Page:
At the end of the 1990s, one of the country’s largest automakers, Raybestos/Raymark Industries, Inc., was under government-sponsored bankruptcy thanks to the lingering financial troubles in the form of asbestos lawsuits. The pain was plentiful. Claimants alleged that their health problems were a direct result of exposure to asbestos-containing products manufactured, distributed, and/or sold by the company based out of Stratford, Connecticut.

By 2020, there have been significant improvements across the auto industry, especially on the use of hazardous chemicals

Needless to say, we really appreciate the advances that the automotive industry has made since way back in the ’50s. The last decades gave us some of the most important new automotive techniques, features, and practices that have gone on to define the industry and laid the foundations for even more innovations in the future.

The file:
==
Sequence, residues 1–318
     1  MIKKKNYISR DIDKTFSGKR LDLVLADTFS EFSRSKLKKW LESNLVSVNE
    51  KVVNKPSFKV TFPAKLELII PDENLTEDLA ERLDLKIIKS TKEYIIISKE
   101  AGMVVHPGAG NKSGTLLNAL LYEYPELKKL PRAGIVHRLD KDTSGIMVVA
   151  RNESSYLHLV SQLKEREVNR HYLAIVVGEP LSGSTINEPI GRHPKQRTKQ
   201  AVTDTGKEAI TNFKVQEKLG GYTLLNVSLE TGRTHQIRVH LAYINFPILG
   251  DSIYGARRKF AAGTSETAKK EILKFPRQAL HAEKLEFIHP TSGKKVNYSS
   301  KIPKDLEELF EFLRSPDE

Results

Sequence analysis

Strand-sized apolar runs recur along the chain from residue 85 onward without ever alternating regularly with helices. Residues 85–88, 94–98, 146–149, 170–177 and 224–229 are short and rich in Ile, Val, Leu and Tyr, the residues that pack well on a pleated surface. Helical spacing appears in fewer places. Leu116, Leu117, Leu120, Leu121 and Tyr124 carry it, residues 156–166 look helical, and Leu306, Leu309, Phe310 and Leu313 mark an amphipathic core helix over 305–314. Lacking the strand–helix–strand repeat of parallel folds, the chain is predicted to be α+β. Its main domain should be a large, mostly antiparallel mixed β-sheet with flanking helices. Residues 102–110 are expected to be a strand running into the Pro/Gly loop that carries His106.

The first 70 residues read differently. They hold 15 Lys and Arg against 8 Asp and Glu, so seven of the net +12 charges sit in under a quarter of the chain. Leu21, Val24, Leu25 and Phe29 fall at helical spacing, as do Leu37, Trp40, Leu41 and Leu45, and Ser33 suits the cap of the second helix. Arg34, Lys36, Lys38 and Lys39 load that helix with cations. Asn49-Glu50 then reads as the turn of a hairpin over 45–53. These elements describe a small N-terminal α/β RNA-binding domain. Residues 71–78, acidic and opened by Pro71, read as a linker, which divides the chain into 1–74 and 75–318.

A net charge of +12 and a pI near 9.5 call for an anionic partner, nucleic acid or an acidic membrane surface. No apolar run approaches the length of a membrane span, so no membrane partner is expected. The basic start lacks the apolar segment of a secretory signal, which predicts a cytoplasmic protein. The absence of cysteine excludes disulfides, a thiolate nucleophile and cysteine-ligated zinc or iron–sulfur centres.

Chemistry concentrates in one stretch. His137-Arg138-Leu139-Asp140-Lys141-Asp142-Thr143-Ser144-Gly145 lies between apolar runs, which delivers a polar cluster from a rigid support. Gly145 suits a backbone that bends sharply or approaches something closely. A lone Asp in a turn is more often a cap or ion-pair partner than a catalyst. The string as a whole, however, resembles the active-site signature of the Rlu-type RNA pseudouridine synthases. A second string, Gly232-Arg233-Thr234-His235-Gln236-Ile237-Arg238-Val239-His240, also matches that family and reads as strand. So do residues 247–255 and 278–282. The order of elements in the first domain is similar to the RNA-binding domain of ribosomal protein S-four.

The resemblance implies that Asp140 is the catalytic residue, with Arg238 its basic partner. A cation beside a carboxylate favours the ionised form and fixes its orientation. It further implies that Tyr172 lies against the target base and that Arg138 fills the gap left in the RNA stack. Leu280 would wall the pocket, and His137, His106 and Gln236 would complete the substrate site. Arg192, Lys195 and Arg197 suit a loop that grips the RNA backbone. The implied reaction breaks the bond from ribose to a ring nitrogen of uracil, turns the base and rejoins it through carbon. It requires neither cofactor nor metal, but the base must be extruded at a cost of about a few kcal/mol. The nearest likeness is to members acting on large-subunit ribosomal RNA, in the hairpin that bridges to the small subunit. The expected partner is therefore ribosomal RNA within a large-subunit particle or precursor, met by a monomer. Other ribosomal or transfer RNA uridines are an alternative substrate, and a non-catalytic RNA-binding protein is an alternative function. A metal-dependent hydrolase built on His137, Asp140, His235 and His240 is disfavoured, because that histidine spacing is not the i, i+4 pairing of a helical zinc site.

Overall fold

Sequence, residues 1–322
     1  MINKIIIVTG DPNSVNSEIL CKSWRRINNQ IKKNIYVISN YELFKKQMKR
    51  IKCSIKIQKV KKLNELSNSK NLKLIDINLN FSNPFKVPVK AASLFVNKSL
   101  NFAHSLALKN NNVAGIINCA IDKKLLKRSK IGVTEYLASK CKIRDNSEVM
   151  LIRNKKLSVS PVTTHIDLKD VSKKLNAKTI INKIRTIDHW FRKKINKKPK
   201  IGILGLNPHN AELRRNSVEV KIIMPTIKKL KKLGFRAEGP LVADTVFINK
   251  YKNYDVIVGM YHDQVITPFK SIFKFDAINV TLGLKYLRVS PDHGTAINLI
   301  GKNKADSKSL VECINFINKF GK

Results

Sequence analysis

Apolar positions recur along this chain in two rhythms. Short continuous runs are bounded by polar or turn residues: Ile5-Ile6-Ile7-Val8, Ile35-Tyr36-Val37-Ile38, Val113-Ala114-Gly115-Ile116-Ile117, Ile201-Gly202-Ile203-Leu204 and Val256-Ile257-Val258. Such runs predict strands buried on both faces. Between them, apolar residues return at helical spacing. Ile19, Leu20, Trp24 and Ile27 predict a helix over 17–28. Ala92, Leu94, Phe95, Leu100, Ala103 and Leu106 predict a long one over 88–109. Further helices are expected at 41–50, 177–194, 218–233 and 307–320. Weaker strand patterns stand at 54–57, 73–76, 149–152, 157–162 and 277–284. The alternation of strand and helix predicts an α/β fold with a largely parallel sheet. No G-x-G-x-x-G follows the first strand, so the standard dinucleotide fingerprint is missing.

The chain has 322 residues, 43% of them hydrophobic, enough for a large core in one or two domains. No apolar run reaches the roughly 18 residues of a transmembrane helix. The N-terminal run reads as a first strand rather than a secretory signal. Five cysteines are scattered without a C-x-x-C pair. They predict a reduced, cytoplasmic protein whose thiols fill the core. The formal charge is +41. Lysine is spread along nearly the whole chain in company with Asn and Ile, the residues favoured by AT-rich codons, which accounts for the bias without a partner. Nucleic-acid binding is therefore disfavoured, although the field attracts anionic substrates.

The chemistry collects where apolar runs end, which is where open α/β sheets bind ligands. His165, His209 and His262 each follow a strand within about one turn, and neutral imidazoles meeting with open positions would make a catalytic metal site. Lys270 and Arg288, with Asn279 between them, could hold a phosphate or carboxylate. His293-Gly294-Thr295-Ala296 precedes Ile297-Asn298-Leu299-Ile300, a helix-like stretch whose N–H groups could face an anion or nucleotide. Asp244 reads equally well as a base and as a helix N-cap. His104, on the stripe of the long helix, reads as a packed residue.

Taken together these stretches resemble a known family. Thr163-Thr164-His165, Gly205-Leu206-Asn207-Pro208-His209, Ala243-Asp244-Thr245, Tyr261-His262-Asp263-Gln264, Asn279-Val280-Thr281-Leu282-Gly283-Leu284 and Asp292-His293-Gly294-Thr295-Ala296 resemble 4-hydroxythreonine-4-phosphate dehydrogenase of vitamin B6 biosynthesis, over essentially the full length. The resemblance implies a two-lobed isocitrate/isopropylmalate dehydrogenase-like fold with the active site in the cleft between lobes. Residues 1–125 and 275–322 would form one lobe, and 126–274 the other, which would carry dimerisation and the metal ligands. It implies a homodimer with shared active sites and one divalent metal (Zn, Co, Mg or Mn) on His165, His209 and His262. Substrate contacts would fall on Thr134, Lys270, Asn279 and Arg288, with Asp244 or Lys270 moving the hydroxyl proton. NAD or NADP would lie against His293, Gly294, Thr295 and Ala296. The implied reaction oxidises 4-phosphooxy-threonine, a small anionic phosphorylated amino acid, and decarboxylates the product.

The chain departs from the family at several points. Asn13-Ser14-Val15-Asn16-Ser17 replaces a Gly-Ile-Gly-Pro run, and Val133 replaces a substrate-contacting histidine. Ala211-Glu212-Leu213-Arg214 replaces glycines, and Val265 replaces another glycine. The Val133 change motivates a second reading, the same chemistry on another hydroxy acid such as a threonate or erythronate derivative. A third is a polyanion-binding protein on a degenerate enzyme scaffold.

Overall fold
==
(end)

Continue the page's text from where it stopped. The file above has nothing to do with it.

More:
Today, because of the concern over the long-term availability of asbestos health risks, a number of researches have been on to discover eco-friendly material replacements for asbestos. Increasing environmental awareness has triggered a pattern shift towards designing materials that are compatible with the environment. Asbestos can be replaced by a mixture of alternative fibers such as mineral fibers, cellulose, agricultural waste, aramid, PAN, glass, steel, and copper fibers. Formulations made by varying compositions of filler, fiber, different binders like phenolic resin, epoxy resin, were also studied and the effect on the performance of brake pads showed promising results comparable to commercial samples.